Neither one of our girls understood the concept of money in Kindergarten, but they understood saving and earning. The Responsibility Chart had worked very, very well. But our girls needed something else. We had to figure out a new approach for our girls....enter the marble jar.
Kids are visual learners. We needed something that would show what "adding up the good and taking away for bad" would look like. I love to make jellies and canning during the summer months, so I grabbed two pint jars and used some marbles we had. We decided the girls would get 5 marbles a day. If they were great and did everything that was asked then they kept all five marbles. If they were disrespectful we took a marble. If they didn't clean their rooms, we took a marble. If they didn't help around the house, we took a marble. And yes we had days when we dipped into the jar for number 6. Once the girls filled up the jar they earned $5. They also had to have a goal for that $5. So we would do some saving research along the way. It took a while to earn that $5 so don't think we were passing out $5 bills on weekly basis.
It may seem cheap of us to only pass out $5 for a full jar, but seriously think about it. With a school schedule, dance and girl scouts, we were not going shopping on a weekly basis. The jar allowed them to have a target goal and gave me just enough time to encourage hard work with a relatively fast rate of return for the girls. Most of the things they wanted were "two jars full" so it worked out very, very well.
When Chaz was hurt the jar went out the window, the girls were 8 and 5 at the time. I am sure you can imagine a lot of things changed when he was injured. Once our lives got into our "new normal" we knew we had to begin a new plan. Our girls were older now. Unfortunately Chaz's injuries forced us all to grow up a lot, but it did force our girls, especially Cutie #1, into maturity. Chaz and I had to look for a more mature plan that would work for our family now. We decided to set up a real world scenario for the girls that would go right along with their homeschool education.
We wanted the girls to earn, give, spend and save. I hunted around pinterest and google and discovered this chart. We decided it could work very well in our home. We decided we had to go a little farther with the chart so out came the Allen house ground rules.
- We will not pay you if you do not complete your responsibilities. We expect you to clean up after yourself and be a team player in this home.
- We will decide on tasks that are eligible for commission together as a team. We do encourage you to think outside our chart and look for other payable opportunities.
- There will be fines for bad behavior. Think of us as the police on the highway, you go too fast and we will give you a ticket. (In our home, this is really about disrespectful language and attitude).
- If you are bragged on by a stranger for your behavior or helpfulness that is an immediate $1 bonus. You never know who is watching so you want to always be your best.
- Random acts of kindness will also be rewarded with $1. So think about how you can bless someone else.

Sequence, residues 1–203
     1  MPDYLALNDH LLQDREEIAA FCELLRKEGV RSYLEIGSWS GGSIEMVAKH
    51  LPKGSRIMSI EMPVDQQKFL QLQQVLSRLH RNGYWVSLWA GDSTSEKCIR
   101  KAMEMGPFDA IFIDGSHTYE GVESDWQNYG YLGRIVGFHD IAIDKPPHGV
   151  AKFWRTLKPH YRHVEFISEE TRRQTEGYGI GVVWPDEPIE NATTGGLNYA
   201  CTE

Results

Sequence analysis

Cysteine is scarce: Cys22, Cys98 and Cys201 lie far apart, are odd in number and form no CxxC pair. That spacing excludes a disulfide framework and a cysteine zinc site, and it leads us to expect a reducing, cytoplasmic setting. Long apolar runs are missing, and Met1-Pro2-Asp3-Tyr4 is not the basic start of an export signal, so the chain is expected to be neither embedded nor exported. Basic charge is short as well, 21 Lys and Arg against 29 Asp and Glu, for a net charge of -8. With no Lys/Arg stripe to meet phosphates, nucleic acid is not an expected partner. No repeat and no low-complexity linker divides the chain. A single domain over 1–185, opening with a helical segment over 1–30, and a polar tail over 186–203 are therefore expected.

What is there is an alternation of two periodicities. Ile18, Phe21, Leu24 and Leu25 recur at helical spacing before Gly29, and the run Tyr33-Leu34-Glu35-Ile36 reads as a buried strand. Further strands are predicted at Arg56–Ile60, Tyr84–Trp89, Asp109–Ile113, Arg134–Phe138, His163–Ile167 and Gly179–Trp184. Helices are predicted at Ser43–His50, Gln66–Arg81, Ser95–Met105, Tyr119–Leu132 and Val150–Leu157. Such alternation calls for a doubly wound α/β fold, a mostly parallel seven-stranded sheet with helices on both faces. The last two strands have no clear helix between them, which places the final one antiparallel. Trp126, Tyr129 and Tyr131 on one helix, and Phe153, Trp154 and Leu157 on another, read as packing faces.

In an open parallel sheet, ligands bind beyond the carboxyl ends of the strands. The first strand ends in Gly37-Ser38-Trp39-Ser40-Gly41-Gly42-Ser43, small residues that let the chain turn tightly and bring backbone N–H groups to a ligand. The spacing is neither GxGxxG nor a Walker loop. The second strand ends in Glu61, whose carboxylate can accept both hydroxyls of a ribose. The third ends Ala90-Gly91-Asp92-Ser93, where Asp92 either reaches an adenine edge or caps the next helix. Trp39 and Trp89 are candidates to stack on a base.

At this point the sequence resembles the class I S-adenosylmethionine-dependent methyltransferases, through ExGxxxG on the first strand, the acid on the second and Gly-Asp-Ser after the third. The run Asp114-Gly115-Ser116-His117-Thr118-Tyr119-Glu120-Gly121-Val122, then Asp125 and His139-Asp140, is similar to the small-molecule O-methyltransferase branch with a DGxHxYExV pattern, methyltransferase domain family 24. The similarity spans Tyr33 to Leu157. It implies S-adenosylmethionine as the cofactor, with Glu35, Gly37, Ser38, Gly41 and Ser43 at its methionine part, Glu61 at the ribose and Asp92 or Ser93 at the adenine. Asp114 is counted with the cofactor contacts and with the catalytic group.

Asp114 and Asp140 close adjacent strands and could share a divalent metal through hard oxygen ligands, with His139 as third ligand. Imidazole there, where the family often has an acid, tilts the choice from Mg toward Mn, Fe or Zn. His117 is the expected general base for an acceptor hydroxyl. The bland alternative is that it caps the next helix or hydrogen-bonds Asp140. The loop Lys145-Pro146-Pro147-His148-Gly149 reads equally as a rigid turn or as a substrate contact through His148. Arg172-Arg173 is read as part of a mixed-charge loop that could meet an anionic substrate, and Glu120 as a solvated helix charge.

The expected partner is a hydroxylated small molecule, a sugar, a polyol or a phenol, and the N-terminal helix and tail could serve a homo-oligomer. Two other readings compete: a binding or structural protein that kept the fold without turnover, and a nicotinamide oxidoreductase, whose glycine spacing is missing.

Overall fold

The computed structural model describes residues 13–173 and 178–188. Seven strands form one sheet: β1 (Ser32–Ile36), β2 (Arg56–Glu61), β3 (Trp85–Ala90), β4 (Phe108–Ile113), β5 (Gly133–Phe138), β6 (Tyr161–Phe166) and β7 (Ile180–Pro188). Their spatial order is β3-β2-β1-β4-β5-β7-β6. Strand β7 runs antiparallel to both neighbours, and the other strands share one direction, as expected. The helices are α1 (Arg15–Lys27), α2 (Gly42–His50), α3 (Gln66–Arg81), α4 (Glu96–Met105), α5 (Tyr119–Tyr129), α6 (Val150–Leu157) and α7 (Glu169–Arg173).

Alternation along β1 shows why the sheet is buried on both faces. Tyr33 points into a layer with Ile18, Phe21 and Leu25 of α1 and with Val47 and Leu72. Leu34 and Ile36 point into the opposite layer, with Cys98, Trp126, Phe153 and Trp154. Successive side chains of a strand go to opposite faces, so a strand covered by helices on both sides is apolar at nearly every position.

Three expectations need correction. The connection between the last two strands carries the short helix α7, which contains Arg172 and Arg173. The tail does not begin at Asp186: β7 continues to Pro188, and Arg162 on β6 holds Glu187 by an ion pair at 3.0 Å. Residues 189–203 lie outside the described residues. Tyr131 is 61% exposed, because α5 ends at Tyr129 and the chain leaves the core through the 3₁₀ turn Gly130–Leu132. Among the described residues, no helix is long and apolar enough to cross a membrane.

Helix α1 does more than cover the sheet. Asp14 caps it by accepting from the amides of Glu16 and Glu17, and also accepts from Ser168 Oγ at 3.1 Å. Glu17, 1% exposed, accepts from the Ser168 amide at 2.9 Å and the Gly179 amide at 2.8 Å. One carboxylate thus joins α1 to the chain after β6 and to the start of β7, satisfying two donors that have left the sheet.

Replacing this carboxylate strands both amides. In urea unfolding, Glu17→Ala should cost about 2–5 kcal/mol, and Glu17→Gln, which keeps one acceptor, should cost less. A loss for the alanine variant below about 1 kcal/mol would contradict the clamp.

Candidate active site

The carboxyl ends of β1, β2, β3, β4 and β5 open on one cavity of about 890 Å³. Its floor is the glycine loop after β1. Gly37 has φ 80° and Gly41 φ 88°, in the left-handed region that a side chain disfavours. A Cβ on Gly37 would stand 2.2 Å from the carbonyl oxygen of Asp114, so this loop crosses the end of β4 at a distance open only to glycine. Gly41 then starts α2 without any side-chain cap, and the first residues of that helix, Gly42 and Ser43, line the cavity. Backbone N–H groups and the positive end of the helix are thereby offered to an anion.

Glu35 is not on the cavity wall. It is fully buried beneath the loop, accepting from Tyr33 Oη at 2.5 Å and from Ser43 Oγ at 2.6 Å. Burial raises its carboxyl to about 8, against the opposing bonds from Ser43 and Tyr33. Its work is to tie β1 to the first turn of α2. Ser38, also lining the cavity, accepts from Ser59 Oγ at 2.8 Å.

- You will put back 10% into savings and 10% will go to giving. You will decide what you give to, but you will give.
- You have to remind the bank to pay you. Sometimes the bankers will forget it is Sunday.
- You must keep your ledger up to date. If you don't then you will lose your debit card.
This is one of our charts. We laminated it so we could use it again and again. When they forget to remind the bank for money then they are allowed to erase the 1 and make a 2, 3 or 4. Eventually they remind the bank on a Sunday that money is due. ;)
Now a few of you caught number 8 are thinking whaaaaat?! Yes our girls each have debit cards. Yes our girls are 8 and 11 and they have had the cards for a while now. Let me tell you they do a pretty darn good job of keeping up with those cards.
Why cards? Why not cash? Well I am busier than a one-armed paper hanger (little bit of the South coming out there.) I do not carry cash and I forget all the time to get cash. So yes our girls have pre-paid debit cards. The best part is they cannot overspend. If they try to buy something and there's not enough money on the card, then they have to put it back. When pay day comes I simply have to log into our accounts and transfer the money to their cards after they have balanced their ledgers. When they get cash for their birthday, they give it to me and I put it on the card. If they lose the card, I report it lost and have another one sent. We've been doing this for two years now and I have never had to replace their cards.
Our girls have addition and subtraction down so why not make them use it. We make them keep a ledger of all of their transactions. We make them balance their books and make them stay in charge of their personal finance. They are mature enough to handle it, so why not let them handle it.
You know what the coolest part has been....we make them save 10% and they both save so much more. Deryn saved enough to buy herself an iPod touch. It was almost $300 and she saved that money in just a few months. And she knows where that iPod is at all times. We did buy her an otterbox as a birthday present to protect her investment, but other than that they now buy all of their wants.
Will our chart and plan work in every household? No, it will not. Every home is different. Like parenting, personal finance is not one size fits all. You have the overall concepts, but really you have to take the small details and personalize them to a plan that works for your home. Maybe cash works better for you? Maybe your kids need to stay with the marble jar longer than our crew. These are all decisions your home will need to make. The most important thing you learn about all of this is you need to start talking to your cuties about money now....not at 18....now!!